Note that the sound will not play if its starting key is at the end of the time line, simply because Pencil stops playing when it reaches the last key of the document. You may need to add a key in some layer to be able to hear the sound.
Here is a typical example to draw one frame. We start in a bitmap layer and use the pencil tool to sketch a character:
Once the draft is finished, we go to a vector layer and use the pen tool to “ink” the character, ie draw clean lines on top of the draft. In order to draw precisely, you might need to zoom in the picture. To do that, select the hand tool and right click on the picture (or click with Apple-key on the Mac) and drag the mouse. You will get a dynamic zoom into the centre of the picture. If you experience some difficulty drawing with the pen tool (especially with a mouse instead of a stylet), you can also use the polyline tool .
The next step is to put some colours. Select the paint bucket tool and select a colour in the palette (click the black square to show the colour palette). The palette comes with a limited number predefined colours. You can change them at any time and add as many colours as you want. Once you've picked a colour, click with the paint pucket tool inside a region you want to fill. Make sure there is no gap in your drawing. Sometimes, the program fails to fill the region. In this case click at another place or zoom in the region an try again.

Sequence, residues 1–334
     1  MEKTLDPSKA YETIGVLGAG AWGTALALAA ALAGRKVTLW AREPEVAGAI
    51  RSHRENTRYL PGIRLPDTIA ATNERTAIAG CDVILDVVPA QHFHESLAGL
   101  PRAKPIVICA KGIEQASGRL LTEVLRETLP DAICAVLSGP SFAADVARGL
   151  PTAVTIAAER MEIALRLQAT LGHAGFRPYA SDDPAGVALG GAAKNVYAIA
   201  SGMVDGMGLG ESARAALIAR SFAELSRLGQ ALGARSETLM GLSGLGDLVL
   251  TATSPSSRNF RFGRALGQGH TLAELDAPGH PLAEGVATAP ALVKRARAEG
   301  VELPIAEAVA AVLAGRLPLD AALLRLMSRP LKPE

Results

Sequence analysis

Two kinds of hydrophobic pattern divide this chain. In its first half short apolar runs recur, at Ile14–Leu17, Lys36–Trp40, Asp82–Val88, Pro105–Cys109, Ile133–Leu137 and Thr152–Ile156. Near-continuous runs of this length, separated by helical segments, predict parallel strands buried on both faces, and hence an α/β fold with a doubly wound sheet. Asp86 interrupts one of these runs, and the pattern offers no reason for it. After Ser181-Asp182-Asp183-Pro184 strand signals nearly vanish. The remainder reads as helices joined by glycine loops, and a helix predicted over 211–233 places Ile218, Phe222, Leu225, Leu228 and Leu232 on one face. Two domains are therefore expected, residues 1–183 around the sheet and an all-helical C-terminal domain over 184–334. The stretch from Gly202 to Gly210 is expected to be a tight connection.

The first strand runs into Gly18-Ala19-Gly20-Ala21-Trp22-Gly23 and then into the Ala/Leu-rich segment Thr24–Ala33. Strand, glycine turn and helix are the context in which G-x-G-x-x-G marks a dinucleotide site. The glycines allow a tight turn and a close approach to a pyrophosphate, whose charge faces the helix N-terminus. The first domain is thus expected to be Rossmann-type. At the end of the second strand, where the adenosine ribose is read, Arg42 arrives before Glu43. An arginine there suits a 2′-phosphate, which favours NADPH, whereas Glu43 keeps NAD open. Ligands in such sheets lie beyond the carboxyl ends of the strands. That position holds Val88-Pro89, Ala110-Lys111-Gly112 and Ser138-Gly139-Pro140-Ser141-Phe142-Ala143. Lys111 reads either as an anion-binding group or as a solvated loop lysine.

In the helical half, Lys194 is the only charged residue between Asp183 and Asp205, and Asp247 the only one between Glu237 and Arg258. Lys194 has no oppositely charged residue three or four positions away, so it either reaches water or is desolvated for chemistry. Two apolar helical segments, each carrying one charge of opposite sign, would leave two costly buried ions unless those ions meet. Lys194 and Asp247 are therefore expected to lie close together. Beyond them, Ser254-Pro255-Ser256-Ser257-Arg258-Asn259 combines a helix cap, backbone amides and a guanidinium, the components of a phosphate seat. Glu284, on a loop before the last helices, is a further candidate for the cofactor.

If you like, you can add shadows to your picture. To do that, use the pencil tool. Used with vector layers, this tool creates dashed path which do not appear in the final version of your animation. These paths will define the border of the shadows. Then you can fill these regions with darker colours.
To create an animation, you have to sketch several frames and test that your animation works well. Then you can ink your drawings using the method described above.
If you wish, you can use only bitmap layers. In that case, make sure you have a bitmap layer below the bitmap layer that you ink: this way, clicking with the paint bucket will put colours not in the current layer, but in the layer below it, which preserves your original drawing.
You can save your work in a specific XML format, along with a folder containing the bitmap data. This is the format currently used by Pencil to save a document. You can also export your animation as a sequence of PNG images, or as a Flash movie or a QuickTime movie (Mac OS X only). Note that the current view is used for the export,ie either the working view or the camera view if a camera layer is selected. It might be possible to export to other vector formats such as SVG in the future.